Some students go through their entire undergraduate experience without conducting research. But, in an April poster session, six College of Engineering sophomores presented their research on how to build stronger bridges, enhance cybersecurity in radio communications, and improve human beings’ quality of life.
The students were participating in the college’s Research, Engineering, Advocacy and Leadership (REAL) Work effort, part of the ENGineering Access, Greater Equity, and Diversity program, or ENGAGED program.
“We want to help students develop a sense of engineering identity in order to encourage them to persist in the engineering disciplines,” said ENGAGED director Noel Hennessey.
The program matches students up with research groups conducting work they are most interested in. When Noreen Qureshi said she wanted to research energy and renewables, Hennessey reached out to chemical and environmental engineering assistant professor Kerri Hickenbottom.
“And bada bing, bada boom, I was in a lab,” Qureshi said.
Kayma Konecny, an optical sciences and engineering student, is working in DK Kang’s lab on a blood testing device that is more affordable, smaller, and easier to use alternative diagnostic procedures. It pulls apart the samples so that anomalies are more easily detectable in imaging processes, using smaller amounts of blood. Konecny is helping make the device easier to use mechanically.
“DK has been an amazing mentor for me,” said Konecny, who received a funded position to remain in the biomedical engineering and optical sciences and engineering professor’s lab for another year. “I really think that this research, as well as the [ENGAGED] peer mentorship program, has kind of put me ahead.”
Software engineering student Glenn Sears conducted research with aerospace and mechanical engineering assistant professor Kyle Hanquist during his first year of college. Through the REAL Work program, he’s begun working with Gregory Ditzler, an associate professor of electrical and computer engineering, researching convolutional neural networks, a subset of machine learning.
Sears said he knew he had an interest in cybersecurity, but his time in REAL Work helped him narrow his focus and prepare him for what comes after undergrad.
“Doing research gets me some practical applications in the field,” he said. “I can go out to jobs and say, ‘Hey, this is what I’ve done.’ It can also be useful if I decide I’m interested in going down the graduate school route.”
Alejandro Ceballos Olivas and Jennifer Galvan-Garcia are working in Robert Fleischman’s lab in the Department of Civil and Architectural Engineering and Engineering Mechanics. They are modeling the performance of steel castings under different stress conditions to help develop standards for construction.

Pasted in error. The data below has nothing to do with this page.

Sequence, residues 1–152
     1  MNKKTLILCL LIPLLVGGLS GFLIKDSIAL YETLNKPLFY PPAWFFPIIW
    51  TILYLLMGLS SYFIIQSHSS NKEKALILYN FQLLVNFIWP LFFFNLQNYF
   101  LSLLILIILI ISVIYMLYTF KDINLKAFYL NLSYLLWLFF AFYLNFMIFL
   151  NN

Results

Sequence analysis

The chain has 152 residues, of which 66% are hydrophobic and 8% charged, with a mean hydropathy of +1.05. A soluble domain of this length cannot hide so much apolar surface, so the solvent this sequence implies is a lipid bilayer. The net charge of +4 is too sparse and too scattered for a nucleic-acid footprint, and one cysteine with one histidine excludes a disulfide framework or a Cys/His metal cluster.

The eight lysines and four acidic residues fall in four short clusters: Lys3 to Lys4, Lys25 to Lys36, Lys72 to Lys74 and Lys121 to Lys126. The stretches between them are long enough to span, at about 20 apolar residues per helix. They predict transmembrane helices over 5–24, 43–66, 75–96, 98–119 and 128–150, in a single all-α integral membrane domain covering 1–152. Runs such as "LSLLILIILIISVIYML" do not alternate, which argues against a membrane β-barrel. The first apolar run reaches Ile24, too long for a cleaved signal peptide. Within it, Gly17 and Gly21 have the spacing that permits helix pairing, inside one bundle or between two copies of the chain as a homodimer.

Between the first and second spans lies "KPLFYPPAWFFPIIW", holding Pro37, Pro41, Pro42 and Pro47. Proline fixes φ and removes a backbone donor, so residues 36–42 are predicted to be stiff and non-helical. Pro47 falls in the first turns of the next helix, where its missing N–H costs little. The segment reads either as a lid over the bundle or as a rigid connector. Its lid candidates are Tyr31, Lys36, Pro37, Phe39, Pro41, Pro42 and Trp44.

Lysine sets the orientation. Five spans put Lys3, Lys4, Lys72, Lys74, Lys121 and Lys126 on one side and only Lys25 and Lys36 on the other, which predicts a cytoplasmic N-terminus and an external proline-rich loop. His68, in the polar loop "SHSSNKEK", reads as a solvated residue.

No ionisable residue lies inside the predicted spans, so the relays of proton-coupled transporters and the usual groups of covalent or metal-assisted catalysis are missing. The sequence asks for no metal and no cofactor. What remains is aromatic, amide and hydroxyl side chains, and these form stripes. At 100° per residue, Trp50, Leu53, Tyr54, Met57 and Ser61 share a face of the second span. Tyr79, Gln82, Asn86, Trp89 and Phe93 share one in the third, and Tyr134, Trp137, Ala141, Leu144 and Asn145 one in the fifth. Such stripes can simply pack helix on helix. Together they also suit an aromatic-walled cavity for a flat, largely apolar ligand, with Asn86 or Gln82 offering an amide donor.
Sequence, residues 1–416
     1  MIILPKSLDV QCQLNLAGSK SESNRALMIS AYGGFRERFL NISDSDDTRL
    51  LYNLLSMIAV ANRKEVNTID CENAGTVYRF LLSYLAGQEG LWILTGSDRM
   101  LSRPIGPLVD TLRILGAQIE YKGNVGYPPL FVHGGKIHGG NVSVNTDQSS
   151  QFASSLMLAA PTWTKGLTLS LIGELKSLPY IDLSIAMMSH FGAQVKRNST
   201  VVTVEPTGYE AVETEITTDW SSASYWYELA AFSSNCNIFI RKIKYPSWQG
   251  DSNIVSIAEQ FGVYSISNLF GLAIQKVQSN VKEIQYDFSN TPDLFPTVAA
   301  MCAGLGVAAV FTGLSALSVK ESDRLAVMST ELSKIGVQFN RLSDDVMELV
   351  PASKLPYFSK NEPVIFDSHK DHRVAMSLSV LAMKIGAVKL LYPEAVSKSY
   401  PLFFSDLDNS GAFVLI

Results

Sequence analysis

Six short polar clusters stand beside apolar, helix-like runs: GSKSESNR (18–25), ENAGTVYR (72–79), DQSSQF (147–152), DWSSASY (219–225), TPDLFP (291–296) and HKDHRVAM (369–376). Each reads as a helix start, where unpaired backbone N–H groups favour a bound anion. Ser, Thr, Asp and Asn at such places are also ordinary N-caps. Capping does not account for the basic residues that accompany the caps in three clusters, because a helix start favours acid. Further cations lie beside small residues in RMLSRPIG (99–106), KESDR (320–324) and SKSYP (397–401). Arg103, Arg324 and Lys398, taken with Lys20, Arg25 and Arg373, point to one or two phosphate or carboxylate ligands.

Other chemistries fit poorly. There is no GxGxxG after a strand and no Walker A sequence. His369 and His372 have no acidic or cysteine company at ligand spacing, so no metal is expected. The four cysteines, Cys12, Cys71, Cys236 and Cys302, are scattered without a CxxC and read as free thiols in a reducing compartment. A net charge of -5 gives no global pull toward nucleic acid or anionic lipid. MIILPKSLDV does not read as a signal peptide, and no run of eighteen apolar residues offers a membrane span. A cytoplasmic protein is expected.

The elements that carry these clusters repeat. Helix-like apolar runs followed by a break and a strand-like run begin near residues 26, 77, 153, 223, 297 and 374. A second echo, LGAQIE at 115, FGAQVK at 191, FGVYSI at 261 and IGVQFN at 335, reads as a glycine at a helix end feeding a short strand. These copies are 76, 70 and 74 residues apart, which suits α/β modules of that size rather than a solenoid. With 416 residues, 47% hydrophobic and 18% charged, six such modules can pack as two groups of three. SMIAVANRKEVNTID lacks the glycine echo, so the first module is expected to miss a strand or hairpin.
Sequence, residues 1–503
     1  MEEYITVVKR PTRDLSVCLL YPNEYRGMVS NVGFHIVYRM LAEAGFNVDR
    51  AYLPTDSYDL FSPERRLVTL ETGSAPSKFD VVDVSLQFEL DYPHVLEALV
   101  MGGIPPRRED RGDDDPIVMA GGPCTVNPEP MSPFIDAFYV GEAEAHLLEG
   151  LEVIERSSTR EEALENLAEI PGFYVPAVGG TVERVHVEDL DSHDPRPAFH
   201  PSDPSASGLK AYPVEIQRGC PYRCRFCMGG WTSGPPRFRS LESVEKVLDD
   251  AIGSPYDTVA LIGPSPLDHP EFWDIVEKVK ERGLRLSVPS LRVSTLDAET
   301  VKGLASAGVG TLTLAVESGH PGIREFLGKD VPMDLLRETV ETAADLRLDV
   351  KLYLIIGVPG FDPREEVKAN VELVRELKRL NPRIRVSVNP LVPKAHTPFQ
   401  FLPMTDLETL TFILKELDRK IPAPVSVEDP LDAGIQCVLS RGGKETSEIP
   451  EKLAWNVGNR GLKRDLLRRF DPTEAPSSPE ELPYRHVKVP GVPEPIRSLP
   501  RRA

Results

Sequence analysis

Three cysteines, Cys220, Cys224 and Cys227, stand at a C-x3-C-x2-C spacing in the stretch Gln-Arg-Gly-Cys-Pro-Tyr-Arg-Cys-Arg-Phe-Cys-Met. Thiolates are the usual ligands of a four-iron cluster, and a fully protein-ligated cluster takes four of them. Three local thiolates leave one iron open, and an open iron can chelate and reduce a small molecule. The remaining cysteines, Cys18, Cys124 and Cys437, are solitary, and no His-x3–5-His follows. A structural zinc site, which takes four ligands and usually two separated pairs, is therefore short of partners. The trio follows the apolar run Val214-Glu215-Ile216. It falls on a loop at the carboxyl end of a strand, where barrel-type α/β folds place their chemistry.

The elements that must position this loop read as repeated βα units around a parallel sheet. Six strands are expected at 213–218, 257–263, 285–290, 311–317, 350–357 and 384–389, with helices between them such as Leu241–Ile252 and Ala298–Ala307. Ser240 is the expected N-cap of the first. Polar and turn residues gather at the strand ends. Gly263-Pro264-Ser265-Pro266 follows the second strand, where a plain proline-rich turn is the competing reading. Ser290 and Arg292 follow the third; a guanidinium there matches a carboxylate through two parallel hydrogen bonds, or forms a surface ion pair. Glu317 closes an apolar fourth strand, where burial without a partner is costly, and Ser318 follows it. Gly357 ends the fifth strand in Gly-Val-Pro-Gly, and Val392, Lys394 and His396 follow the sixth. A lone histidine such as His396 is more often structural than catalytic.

“You’re able to see how it is in real life and to apply some of what you learn in class to practical applications,” Ceballos said of the experience. “It’s a really great opportunity if you want to expand your skill sets and have a wider perspective.”
Mechanical engineering major Patrick Pinder-Newton, originally from the Bahamas, struggled during his first semester as an engineering student, especially in physics. He was considering changing his major when he heard about Summer TRACK. Another component of the ENGAGED program, Summer TRACK helps students complete engineering courses during the summer if they are not quite prepared for sophomore-level math and science courses by the end of their first year.
“I was like, ‘Oh, that’s a perfect opportunity to get back on track with my classes.’ But it also wasn’t just the classes. Summer TRACK involved a lot of going to companies, kind of building your identity as an engineer. That’s what I really love about that,” he said. “Now I’m staying here in engineering.”
After Summer TRACK, Pinder-Newton went on to join the REAL Work Program, through which he is conducting research with surgeon Dr. Daniel Latt, an orthopaedic surgeon, associate professor of orthopaedic surgery and biomedical engineering. The team is researching flatfoot, a condition where the ligaments of the foot don’t support its arch. It can cause foot pain, ankle pain and swelling so severe that some patients lose the ability to walk.
Pinder-Newton is working to improve a robotic gait simulator, which researchers can use to study how different movements and weights affect human feet.
“I think it’s valuable for an engineer to know how to do research and understand how it works,” he said. “I would definitely recommend the REAL Work program to other students. I honestly wouldn’t be in engineering if I hadn’t done it. It gives you an experience that you really wouldn’t get while you’re in college. Everything and everyone in REAL Work kind of helps you through the process.”